Automatic Defense Mechanisms to Change

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Change Management Iceberg > Best Practices > Automatic Defense Mechanisms to Change

Automatic Defense Mechanisms to Change
Chanitha De Silva, Marketing, Sri Lanka, Member
What I think is that human beings are reluctant for change by nature. When there is a change taking place around themselves, they will either cope with that or else the automatic defense mechanism will trigger their moods to react in one of the following ways:
1. Aggressive reactions
2. Regressive reactions
3. Identification
4. Withdrawal
5. Repression
6. Autism
7. Rationalization
8. Projection
Therefore I believe that change management is merely connected with motivation of human beings to make them overcome such defense mechanisms, that would make them cope with the change.

Help Others Overcome Defence Mechanisms
Anthony Houston
I like Chanitha's view; I agree that the crux of change management is to help others overcome their defence mechanisms. However unless all of senior management is driving the initiative you will have avenues of escape for those determined to avoid your assistance. You must identify the agendas of all participants because these will be self-servient; and contrary to your aims of implementing a better system. Unless you can stand up to these aggressive reactions with the full backing of senior management and you are able to say "It's my way or the highway" (to quote Hollywood) then break out your knitting and find a nice quiet corner somewhere.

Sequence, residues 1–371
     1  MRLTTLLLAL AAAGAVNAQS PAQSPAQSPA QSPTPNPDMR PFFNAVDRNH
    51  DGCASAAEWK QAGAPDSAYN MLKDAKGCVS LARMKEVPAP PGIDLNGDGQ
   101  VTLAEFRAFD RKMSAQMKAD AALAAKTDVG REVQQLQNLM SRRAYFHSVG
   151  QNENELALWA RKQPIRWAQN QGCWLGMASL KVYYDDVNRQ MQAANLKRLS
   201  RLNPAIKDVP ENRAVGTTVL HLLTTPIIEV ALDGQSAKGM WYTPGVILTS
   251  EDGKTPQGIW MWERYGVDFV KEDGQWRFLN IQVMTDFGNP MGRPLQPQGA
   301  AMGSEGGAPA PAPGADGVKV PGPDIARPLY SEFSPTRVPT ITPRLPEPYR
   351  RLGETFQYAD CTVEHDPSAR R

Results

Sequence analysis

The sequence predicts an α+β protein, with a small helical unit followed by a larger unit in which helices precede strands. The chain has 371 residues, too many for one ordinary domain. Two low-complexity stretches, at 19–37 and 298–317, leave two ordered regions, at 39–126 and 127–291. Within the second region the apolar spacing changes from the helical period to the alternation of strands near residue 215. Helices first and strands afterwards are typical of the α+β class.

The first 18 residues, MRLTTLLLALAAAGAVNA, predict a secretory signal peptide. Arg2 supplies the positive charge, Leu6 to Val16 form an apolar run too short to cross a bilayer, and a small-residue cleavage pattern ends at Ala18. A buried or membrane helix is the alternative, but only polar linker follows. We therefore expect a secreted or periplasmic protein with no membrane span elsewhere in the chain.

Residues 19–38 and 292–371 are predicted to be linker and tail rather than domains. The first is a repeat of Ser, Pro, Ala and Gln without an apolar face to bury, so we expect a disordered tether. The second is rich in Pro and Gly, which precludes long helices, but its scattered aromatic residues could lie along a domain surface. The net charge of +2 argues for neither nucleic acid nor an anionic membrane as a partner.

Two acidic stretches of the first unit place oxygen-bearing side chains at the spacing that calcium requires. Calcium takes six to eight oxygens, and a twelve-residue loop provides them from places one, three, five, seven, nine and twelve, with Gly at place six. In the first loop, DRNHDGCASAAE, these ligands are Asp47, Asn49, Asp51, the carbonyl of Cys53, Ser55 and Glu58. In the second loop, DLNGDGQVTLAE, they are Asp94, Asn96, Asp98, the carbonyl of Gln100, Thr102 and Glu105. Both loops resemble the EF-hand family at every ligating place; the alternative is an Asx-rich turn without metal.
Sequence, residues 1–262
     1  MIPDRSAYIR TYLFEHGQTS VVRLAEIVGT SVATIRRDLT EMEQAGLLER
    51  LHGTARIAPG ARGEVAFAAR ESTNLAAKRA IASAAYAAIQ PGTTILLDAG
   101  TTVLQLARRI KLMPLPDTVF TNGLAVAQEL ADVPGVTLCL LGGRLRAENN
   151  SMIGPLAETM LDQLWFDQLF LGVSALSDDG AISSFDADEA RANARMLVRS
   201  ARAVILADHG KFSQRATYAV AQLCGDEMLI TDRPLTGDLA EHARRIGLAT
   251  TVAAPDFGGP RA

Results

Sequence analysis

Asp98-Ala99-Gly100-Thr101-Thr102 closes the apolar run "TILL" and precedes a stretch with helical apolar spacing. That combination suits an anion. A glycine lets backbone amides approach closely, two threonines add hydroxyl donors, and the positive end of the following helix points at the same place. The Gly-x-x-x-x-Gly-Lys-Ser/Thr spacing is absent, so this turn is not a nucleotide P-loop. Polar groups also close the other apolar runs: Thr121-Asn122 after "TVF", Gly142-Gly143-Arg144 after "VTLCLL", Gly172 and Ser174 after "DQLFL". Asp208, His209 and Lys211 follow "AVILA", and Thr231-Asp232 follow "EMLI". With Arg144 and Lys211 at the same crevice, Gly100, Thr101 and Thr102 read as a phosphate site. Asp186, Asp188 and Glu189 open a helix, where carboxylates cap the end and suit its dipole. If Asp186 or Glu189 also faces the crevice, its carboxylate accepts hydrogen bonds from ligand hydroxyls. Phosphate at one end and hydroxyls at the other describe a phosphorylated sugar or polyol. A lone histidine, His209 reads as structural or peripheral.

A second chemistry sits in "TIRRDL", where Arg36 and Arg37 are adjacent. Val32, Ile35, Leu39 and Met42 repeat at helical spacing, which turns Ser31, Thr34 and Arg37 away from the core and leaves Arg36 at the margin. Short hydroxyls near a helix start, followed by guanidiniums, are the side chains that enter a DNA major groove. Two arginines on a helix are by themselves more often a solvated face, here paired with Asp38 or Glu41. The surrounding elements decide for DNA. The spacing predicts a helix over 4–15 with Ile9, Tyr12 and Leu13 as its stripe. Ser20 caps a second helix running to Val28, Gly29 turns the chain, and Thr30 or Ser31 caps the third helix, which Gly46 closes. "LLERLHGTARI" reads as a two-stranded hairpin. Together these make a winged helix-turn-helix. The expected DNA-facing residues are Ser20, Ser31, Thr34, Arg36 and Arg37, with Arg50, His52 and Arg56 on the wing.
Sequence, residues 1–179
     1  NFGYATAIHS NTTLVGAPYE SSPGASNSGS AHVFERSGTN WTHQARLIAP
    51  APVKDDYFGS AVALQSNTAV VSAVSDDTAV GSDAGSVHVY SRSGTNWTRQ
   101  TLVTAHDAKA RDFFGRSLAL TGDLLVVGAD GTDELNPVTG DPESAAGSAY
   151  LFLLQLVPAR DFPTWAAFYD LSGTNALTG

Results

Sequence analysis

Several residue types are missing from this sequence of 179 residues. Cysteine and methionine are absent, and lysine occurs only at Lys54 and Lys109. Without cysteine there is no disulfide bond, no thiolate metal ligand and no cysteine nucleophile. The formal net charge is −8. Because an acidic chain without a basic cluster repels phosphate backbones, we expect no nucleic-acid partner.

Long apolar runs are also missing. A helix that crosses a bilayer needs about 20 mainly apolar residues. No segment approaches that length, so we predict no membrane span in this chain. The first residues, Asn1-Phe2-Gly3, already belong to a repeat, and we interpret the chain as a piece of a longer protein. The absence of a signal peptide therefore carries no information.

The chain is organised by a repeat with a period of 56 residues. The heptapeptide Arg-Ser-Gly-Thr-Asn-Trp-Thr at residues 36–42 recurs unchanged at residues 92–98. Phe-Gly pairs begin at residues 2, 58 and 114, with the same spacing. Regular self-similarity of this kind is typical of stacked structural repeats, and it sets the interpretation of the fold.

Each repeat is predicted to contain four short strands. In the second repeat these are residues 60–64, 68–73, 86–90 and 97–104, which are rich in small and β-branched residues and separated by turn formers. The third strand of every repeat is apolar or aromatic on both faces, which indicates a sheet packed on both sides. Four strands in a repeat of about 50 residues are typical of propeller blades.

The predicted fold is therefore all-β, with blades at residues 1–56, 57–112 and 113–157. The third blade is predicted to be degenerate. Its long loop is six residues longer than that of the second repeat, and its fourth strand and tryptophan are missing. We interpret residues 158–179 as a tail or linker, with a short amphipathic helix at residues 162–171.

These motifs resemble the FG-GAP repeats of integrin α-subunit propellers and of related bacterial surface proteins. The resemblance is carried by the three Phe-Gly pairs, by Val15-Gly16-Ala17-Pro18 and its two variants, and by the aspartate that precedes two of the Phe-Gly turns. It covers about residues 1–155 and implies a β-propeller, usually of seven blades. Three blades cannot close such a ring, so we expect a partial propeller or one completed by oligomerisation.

Change Management
John G. Hendry Jr., Student (University), United States, Member
I personnally agree with Anthony Houston. I like "my way or the highway"...

Automatic Defense Mechanisms and Reactions
Peter A.M. Broosus, Management Consultant, Germany, Member
I agree with Chanitha's summary of reactions. However, I disagree with the statement that human beings are reluctant to change by nature. I believe the opposite is true. When we look into our history we see that we are changing and adapting continuously. What we experience in the "management of change" as "reluctance" is based on defects in the preparation and organization of the change. Good results can only be achieved by creating the correct conditions. Our focus on results "whatever it takes" makes us forget to actually address the conditions needed to make people enthusiastic for the required alterations. That is the main cause for negative reactions. Simply based on deep emotions like "being afraid for the continuity of their own life", etc. Emotions we feel ourselves when change would possibly affect us. Emotions we easily put aside as long as it "does not affect us".

Support Your Employees
Rebecca Roe, United States, Premium Member
We were introduced to change the day we were born from our mother's womb--rude awakening and we cried. No one likes to have to expend the energy to stop drop and roll in another direction when the direction we were rolling in seemed to have a purpose. It's more than dislike, its fear, anxiety, anger, confusion, and takes energy that we have to muster to engage and understand change. A baby, after realizing the shock of entering the harsh new world, is bathed, fed, and nurtured. If managers could use this concept to help others move into the change, maybe it would be better. Get people ready for the change by feeding them information, nurture them with support when they experience the pain of change, and be there along the way. You know when babies, or humans don't get nurtured or supported they fail to thrive.

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